Opinion: Do you want to be a polyglot?

Bruno Beidacki is a sophomore journalism major. Contact him at [email protected]

Bruno Beidacki

If you are not familiar with the term “polyglot,” here is my definition of it: someone who has advanced knowledge and is able to communicate in multiple languages. As a polyglot myself, this definition summed up all of my knowledge on the subject. Well, at least until this past weekend.

After going to New York City and attending the 2015 Polyglot Conference, my mind is now filled with information about linguistics and foreign languages. It is true I did not become an expert on the history of the Indo-European languages and I did not become fluent in Finnish, but I certainly am more passionate about the topic. And you should be, too.

Renowned radio host Barry Farber told an eye-opening joke during his talk on Sunday. “What do you call someone who speaks two languages?” he asked. “Bilingual. Three? Trilingual. Four or more? Polyglot. But how about he who speaks only one? Well, you call him an American.”

Although the joke is clearly exaggerated and plays with a stereotype, it is partially true. It is visible that Americans are less prone to study foreign languages. Yes, English is the universal language and you can find someone that speaks it basically anywhere in the world. However, that is not a good enough excuse to justify the lack of interest Americans have in learning French or Russian.

Why should you care? Communication is one of the most important skills in today’s world. In a globalized society, you never know when you can be transferred abroad for work or get an opportunity to reach your goals in a different country.

The job market nowadays is so competitive that speaking a foreign language can be the difference between landing your dream job or being unemployed. That is true not only for careers in education or business, but also in jobs such as IT engineering and nursing.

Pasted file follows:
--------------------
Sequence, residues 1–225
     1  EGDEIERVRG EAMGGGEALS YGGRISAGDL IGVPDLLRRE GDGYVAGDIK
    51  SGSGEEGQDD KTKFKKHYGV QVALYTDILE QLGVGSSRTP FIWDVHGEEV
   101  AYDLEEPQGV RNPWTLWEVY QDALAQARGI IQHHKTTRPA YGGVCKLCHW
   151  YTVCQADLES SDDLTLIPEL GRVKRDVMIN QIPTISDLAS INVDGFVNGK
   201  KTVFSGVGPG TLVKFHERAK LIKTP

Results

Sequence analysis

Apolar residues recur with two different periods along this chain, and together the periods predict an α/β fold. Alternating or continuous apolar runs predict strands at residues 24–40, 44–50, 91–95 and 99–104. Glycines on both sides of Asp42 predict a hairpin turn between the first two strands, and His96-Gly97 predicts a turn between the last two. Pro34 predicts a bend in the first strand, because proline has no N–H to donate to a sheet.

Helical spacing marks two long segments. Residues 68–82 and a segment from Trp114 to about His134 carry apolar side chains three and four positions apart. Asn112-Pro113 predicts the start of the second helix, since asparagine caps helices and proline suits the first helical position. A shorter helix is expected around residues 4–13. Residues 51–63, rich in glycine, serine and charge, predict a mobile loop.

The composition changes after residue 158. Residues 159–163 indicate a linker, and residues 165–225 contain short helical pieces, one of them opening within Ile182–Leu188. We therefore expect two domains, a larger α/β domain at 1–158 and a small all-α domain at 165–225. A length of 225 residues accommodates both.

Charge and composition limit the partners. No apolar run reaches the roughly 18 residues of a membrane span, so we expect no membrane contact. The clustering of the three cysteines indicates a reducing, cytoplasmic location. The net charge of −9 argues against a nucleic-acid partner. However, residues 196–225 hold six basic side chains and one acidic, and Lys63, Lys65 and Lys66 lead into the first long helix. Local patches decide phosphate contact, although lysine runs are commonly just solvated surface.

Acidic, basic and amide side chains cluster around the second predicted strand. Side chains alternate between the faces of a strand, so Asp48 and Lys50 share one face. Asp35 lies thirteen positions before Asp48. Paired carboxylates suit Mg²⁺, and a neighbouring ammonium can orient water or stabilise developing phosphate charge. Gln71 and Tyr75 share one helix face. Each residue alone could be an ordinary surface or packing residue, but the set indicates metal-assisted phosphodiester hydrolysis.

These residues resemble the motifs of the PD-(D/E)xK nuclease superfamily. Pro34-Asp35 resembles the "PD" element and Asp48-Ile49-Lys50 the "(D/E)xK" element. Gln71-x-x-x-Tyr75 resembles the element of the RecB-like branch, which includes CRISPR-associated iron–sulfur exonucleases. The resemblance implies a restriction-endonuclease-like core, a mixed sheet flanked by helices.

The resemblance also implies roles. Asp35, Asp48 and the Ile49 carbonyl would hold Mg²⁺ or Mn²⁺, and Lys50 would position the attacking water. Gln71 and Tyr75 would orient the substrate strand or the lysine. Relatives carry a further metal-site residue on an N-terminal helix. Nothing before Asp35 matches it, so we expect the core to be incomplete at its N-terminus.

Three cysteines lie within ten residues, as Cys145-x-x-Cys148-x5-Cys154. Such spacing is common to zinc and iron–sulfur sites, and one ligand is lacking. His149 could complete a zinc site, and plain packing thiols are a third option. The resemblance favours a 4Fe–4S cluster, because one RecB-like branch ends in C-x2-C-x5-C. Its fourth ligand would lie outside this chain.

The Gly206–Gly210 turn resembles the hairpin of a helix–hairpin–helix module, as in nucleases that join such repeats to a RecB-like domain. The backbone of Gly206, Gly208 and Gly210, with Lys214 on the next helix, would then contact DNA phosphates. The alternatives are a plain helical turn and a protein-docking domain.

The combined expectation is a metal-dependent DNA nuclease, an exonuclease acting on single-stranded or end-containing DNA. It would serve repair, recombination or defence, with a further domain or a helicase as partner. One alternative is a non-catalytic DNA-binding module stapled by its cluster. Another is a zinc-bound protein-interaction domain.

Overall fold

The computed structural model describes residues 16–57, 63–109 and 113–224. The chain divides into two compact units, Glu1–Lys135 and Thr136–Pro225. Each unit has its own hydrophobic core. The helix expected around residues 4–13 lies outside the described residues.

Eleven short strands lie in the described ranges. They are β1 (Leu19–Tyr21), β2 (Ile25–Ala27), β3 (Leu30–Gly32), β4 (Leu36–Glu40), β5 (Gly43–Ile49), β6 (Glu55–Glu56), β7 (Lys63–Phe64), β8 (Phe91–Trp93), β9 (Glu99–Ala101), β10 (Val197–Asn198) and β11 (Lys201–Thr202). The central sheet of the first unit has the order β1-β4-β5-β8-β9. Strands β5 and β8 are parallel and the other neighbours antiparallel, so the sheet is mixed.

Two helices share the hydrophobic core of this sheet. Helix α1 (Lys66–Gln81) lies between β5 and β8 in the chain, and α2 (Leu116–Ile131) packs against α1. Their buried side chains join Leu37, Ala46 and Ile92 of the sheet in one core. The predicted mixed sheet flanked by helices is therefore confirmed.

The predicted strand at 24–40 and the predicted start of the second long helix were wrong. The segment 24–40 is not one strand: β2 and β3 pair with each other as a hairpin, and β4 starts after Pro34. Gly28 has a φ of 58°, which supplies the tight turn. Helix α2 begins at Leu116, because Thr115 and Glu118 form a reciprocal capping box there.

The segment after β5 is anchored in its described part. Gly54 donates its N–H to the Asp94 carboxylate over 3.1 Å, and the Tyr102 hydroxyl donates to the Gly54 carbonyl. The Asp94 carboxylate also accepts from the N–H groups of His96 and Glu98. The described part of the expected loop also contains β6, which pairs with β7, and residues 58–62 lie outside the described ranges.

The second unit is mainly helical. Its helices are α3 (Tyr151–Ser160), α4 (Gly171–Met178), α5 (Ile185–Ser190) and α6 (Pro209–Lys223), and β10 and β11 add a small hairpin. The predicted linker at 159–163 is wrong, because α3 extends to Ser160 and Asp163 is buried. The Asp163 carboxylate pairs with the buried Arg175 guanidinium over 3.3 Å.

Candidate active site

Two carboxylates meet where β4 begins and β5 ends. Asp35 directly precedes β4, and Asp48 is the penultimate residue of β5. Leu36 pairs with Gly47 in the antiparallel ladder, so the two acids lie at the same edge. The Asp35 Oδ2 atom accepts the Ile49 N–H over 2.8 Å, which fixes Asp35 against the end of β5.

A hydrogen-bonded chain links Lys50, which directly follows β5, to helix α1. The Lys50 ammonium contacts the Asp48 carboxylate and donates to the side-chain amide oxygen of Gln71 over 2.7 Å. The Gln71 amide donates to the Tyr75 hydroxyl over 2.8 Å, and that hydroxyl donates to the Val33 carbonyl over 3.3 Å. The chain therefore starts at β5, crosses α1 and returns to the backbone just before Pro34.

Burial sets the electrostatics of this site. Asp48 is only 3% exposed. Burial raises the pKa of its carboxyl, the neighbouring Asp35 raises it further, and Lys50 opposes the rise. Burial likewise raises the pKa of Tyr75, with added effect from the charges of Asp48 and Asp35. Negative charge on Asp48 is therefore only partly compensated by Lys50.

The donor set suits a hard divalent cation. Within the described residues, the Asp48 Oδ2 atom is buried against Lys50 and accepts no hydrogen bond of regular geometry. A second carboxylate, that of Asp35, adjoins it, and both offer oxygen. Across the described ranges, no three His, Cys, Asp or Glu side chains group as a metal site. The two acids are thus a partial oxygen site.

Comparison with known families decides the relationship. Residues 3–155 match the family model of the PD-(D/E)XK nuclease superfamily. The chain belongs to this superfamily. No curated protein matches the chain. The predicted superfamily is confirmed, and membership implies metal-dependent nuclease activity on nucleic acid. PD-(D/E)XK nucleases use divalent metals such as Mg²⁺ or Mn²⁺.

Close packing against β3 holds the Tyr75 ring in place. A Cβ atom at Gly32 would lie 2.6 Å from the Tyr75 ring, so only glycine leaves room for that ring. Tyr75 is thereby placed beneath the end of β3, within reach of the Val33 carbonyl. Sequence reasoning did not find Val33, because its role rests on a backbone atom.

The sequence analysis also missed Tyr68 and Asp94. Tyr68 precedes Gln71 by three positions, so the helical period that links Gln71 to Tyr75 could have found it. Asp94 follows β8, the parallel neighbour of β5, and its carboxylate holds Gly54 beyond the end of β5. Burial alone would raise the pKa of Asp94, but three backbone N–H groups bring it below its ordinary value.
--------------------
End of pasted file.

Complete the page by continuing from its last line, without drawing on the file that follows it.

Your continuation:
Being prepared to take these chances and standout should be incentive enough. If not, how about traveling around the world and exploring the most breathtaking landscapes or interesting major cities? The traveling experience becomes a lot more entertaining and enjoyable when you are able to communicate with locals and consume that place’s culture.

Finally, learning foreign languages helps us become more sensitive to social inequality and cultural differences that are present in our daily lives. When one studies the language and consequently the traditions of another country, one learns to be aware of diversity.

It is understandable that many Americans see the whole process of learning a foreign language as a long, complicated and arduous journey. However, as a Portuguese native speaker from Brazil currently studying in an English-speaking country and university, I assure you the rewards outweigh the efforts. Speaking multiple languages has provided me incredible experiences and I am sure it can do the same to you. And to be honest, being able to say out loud that you are a polyglot feels extremely good.  

Bruno Beidacki is an opinion writer for The Kent Stater. Contact him at [email protected].